Past Due: Liens and Foreclosures, Complying with the Law and the Impact of the Winrose Case

Past Due: Liens and Foreclosures

Past Due: Liens and Foreclosures, Complying with the Law and the Impact of the Winrose Case?

Many people living in South Carolina do not realize that their homes can be foreclosed on for failure to pay their annual, quarterly, or monthly homeowners (“HOA”) or condominium owners association (“COA”) dues. However, in South Carolina, an HOA or COA does have the power to foreclose when homeowners fail to pay their dues. An HOA or COA can even foreclose for unpaid fines and fees that may owed due to violations of HOA or COA’s rules and regulations.

How does an HOA or POA have this power?

HOAs or COAs are governed by sets of documents called by-laws and covenants that spell out the rules for HOA or COAs. These governing documents often give the COA or HOA the power to foreclose should a homeowner fall behind on payments.

As an HOA or COA, what can we recover if we file a lawsuit and how do we do this?

If a homeowner continues with non-payment, and attempts have been made to notify the homeowner of their failure to pay, the next step is usually turning the issue over to an HOA or COA’s local counsel. Typically, once the unpaid dues reach the point that the HOA or COA seeks to have their attorney handle the matter, the corresponding firm will file a lien on the homeowner’s property. Per current South Carolina HOA law, a lien may be placed on a homeowner’s property for the following:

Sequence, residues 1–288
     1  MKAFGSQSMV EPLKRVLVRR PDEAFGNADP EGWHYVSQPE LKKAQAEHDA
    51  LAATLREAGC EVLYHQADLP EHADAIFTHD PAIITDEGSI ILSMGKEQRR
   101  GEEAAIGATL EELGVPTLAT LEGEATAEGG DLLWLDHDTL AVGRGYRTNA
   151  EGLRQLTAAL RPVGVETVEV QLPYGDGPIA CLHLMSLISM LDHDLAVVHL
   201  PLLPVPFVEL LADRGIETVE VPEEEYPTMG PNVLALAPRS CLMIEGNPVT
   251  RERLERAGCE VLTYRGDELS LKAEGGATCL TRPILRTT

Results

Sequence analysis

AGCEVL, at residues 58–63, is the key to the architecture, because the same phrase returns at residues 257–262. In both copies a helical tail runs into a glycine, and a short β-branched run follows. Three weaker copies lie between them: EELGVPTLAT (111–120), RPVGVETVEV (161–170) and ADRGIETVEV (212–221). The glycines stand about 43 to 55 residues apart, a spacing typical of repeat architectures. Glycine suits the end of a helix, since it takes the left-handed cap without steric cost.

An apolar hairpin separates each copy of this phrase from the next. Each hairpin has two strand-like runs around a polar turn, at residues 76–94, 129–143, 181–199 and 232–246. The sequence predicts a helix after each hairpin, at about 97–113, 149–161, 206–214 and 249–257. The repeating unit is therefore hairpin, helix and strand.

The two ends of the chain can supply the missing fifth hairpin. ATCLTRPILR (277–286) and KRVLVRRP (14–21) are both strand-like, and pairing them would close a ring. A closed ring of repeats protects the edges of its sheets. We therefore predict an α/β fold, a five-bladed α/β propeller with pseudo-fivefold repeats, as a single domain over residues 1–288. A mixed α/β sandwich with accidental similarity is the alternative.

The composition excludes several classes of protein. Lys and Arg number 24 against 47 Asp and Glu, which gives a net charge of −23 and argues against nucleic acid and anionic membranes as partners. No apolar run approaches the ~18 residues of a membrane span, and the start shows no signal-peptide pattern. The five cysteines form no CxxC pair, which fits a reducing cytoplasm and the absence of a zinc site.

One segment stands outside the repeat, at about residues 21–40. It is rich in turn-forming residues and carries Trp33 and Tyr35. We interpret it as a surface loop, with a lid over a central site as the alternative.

• Past-due assessments;
  • Late charges;
  • Fines;
  • Collections costs;
  • Interest; and
  • Attorney’s fees and costs

Depending on the firm handling the matter, the attorney may attempt to notify a homeowner that they are in arrears via a demand letter. However, in some instances, local counsel may choose to go straight to filing a lawsuit against.

What happens once a lawsuit is filed?